Your loving breast, it wasn't the soldier,
it was my sin which ripped it open.

The "soldier" mentioned is Longinus, as is named in the Chamorro version.

Tuesday, April 16, 2024



It was the most modern movie theater on Guam in its day.

The Cinema Theater opened on April 12, 1967 showing The Sound of Music, a huge hit musical that year. One of the last Hollywood blockbusters shown at the Cinema was the movie Titanic in 1997. That movie still ranks the third highest money-making film in cinematic history.

Besides having the latest equipment to show movies and a cinemascope screen 51 feet wide and 23 feet high, the entire theater was carpeted, air conditioned and filled with semi reclining, cushioned seats.

In the lobby, all the usual snacks could be bought at the concession stand.

There was enough space in the paved parking lot for 200 cars.

It cost over $500,000 to build. Today, that's around 4.7 million dollars.

Putting their money into the project as part-owners were Peter Sgro and Pedro Ada, Jr, among others.

Peter Sgro (far left) and Pedro Ada, Jr (2nd from right)
and others involved in the new theater


When Guam had far less venues that were fully air conditioned, the Cinema Theater made a great location for events in general. In 1971, the 125-plus graduates of the University of Guam received their diplomas at the Cinema Theater. The reception was right across the street at Hong Kong Gardens.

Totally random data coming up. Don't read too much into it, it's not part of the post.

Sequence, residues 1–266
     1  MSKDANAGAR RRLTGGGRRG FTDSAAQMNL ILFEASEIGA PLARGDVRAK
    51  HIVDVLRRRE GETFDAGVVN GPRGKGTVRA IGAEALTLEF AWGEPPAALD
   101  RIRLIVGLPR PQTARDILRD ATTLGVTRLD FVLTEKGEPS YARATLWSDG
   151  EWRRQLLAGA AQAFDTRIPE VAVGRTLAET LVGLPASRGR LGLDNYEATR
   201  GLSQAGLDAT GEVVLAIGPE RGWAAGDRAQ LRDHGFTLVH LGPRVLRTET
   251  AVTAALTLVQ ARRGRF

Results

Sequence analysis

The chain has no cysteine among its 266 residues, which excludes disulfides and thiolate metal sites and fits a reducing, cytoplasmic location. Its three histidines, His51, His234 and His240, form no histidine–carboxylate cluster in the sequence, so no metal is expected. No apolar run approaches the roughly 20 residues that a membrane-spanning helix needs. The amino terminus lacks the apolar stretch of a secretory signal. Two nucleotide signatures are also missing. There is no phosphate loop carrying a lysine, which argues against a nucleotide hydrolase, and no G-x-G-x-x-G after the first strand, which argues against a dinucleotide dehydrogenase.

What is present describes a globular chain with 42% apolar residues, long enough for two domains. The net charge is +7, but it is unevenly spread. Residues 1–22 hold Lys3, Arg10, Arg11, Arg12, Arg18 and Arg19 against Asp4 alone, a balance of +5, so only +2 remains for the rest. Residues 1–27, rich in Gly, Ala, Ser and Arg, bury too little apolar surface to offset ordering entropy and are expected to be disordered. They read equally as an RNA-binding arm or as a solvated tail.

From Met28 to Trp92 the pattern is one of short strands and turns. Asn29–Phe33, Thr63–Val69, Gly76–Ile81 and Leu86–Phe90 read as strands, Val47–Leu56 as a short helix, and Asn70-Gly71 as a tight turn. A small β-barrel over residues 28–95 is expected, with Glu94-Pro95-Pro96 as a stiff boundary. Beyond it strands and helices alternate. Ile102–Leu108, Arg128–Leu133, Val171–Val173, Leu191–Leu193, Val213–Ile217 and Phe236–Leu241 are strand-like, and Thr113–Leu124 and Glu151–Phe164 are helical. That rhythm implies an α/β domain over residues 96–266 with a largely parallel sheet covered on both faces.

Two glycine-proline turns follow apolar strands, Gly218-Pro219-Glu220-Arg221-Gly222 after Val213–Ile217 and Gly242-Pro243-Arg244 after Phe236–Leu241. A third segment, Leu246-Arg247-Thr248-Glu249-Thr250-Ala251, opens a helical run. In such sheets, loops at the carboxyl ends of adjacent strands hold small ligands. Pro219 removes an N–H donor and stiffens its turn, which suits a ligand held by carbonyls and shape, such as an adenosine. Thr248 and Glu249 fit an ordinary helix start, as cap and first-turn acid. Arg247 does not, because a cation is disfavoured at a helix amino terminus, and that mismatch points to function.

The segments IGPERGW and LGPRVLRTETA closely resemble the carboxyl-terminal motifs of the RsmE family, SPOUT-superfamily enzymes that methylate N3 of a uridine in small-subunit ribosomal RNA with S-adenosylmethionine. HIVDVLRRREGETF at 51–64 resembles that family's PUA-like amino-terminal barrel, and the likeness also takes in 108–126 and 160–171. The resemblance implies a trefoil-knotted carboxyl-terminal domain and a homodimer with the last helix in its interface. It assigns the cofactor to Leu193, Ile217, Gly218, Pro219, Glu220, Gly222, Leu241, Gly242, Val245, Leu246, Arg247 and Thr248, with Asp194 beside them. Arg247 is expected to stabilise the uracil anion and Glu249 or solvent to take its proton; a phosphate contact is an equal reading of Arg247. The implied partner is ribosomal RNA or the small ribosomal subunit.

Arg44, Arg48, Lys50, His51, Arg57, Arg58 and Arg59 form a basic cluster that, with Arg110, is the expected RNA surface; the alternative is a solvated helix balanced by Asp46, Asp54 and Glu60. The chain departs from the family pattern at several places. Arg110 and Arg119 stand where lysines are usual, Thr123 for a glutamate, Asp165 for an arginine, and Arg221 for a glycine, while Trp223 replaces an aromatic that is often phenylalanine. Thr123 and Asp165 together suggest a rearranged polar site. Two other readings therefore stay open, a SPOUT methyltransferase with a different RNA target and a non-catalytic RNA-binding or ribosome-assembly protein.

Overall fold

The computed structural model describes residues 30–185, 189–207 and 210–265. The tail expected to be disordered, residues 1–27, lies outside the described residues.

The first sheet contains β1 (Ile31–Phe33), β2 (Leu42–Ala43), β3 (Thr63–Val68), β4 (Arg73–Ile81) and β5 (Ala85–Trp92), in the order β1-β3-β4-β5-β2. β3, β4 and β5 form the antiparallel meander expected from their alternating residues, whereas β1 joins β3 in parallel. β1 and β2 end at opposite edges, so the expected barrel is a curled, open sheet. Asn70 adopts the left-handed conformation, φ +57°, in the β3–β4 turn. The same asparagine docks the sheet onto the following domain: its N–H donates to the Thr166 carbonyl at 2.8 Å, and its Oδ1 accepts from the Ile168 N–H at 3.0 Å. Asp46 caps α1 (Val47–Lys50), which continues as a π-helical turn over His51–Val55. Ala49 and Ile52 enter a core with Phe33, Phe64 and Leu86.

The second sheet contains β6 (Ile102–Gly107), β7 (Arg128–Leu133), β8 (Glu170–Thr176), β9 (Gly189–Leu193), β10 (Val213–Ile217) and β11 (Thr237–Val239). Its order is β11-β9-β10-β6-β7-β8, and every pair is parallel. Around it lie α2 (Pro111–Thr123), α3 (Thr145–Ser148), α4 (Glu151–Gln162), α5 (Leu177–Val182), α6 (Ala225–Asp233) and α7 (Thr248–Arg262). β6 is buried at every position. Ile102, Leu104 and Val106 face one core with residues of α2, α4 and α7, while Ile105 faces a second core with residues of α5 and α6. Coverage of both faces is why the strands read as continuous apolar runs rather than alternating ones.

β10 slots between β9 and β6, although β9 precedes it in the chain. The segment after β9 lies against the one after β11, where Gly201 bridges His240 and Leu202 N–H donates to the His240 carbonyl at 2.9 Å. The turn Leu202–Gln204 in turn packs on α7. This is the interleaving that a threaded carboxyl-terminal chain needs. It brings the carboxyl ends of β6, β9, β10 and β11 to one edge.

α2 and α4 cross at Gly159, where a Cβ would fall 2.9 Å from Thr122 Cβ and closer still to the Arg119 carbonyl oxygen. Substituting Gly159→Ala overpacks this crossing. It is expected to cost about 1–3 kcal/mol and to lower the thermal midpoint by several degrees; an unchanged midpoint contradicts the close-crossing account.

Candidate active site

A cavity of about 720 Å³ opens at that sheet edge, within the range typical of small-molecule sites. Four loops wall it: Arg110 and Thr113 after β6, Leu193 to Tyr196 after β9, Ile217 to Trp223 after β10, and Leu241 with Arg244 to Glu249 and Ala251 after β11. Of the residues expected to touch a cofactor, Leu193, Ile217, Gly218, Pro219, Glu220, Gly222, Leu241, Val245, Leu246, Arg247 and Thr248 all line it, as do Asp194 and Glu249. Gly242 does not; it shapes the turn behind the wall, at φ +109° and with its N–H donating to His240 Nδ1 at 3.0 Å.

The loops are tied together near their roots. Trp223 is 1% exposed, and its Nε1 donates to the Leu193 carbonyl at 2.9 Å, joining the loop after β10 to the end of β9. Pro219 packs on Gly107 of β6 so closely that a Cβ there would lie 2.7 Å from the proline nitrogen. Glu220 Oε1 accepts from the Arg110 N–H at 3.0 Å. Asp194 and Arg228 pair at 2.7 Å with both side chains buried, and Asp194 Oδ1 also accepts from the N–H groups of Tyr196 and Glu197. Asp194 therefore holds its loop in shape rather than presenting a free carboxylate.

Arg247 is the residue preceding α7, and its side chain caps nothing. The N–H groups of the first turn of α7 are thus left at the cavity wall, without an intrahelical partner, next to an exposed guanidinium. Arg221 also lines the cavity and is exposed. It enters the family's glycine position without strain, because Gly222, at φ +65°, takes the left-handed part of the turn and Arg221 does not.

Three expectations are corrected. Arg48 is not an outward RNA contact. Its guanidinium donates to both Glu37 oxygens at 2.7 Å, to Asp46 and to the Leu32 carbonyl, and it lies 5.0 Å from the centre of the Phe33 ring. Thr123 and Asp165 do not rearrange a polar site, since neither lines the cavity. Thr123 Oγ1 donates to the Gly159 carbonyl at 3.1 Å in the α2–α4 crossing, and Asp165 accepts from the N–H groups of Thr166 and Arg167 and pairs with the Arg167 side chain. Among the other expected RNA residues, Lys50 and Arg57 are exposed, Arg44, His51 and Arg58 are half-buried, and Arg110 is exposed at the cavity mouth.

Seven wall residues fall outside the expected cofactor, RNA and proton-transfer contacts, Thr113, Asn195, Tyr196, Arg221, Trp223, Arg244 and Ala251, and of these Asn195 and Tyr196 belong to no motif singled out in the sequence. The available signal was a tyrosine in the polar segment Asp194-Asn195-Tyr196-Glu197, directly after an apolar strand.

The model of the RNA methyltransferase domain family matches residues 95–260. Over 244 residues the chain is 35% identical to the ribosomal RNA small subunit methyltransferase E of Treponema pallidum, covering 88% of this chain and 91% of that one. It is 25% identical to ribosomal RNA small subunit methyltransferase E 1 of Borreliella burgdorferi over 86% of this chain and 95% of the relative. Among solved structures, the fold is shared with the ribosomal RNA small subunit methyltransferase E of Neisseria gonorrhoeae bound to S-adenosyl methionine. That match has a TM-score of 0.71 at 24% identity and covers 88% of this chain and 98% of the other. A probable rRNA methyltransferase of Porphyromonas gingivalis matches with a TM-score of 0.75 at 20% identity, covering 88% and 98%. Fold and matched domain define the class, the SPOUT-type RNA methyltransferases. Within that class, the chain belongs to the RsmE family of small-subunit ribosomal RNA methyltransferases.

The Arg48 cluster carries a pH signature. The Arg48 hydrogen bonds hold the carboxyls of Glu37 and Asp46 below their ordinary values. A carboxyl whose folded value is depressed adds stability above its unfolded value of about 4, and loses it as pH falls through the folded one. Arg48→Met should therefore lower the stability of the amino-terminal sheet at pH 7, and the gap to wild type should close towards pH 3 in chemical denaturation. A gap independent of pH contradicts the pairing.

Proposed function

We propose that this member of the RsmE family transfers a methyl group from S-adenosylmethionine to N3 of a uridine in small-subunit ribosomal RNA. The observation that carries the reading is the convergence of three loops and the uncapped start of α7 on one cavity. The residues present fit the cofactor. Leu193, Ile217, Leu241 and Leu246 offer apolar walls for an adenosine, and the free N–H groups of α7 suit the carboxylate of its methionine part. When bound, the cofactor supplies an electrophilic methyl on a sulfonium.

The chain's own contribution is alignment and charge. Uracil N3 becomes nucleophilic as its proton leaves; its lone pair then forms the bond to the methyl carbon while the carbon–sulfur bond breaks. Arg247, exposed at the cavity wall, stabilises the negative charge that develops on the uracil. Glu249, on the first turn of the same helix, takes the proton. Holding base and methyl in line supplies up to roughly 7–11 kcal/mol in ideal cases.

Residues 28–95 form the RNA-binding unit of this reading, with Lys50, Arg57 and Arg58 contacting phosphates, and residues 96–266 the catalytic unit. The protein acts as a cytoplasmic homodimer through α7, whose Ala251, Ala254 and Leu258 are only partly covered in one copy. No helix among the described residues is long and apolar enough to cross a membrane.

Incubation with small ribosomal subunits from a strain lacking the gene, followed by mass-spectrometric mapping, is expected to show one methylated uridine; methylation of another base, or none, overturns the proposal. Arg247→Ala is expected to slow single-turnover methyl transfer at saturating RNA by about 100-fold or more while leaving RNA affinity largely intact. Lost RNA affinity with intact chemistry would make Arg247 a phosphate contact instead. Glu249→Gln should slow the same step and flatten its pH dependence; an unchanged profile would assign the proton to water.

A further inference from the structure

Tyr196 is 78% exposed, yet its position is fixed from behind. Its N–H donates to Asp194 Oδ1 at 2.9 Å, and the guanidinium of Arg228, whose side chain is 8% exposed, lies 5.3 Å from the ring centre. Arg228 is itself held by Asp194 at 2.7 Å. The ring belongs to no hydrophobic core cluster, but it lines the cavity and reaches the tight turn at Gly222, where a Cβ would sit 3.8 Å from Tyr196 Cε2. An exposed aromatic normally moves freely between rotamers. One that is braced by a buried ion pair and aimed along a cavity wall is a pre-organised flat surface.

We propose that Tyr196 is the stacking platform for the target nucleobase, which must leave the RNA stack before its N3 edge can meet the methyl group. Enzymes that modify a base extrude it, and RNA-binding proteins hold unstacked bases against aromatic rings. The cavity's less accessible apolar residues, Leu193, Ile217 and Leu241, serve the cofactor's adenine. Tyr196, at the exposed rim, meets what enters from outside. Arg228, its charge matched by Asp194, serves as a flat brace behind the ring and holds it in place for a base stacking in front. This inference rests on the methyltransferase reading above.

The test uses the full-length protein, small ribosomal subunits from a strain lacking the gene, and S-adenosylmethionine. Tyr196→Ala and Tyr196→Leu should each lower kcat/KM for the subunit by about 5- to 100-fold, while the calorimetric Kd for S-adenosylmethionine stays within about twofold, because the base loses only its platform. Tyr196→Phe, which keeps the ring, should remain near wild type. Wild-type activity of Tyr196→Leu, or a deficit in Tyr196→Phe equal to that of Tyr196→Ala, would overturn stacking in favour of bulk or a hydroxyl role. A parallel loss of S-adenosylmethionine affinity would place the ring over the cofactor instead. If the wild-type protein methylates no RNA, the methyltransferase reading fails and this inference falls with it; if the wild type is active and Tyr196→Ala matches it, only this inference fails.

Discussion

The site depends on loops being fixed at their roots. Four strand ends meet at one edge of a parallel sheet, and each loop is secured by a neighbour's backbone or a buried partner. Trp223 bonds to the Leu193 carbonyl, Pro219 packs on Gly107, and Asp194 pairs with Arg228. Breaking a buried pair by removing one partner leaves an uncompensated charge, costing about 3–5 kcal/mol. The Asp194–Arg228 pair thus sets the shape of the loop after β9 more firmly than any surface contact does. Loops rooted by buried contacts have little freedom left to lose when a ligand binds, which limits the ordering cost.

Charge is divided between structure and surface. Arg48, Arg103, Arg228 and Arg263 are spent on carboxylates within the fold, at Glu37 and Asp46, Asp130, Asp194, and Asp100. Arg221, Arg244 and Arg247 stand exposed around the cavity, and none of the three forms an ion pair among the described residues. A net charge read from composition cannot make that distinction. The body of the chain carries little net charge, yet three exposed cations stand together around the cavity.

The theater was also used at times for fundraising events.

In time, the theater changed ownership over the years and closed for good sometime in the early 2000s.

Newer and larger movie theaters had come around and the movie-watching crowd went their way. Even halving the theater into two separate sections, A and B, showing different movies, was not enough to drum up business.


The building still stands, now a Vietnamese restaurant after being used in a number of ways after the movie house shut down. And it has this one remaining historical significance. World-renowned violinist Isaac Stern played in concert at the Cinema on November 15, 1967 at the invitation of the Insular Arts Council.



Wednesday, April 10, 2024




(It is better to be invaded by a thief than by fire or the ocean.)

A thief usually steals just some things; no thief can carry away everything. But fire and water can destroy everything.

Siña pine'luye hao ni lina'lå'-mo ni sakke. Lao i guafe ha lalachai todo, yan i tasi todo ha chuchule' huyong.

A thief can let you keep your life. But fire consumes everything and the ocean carries out everything.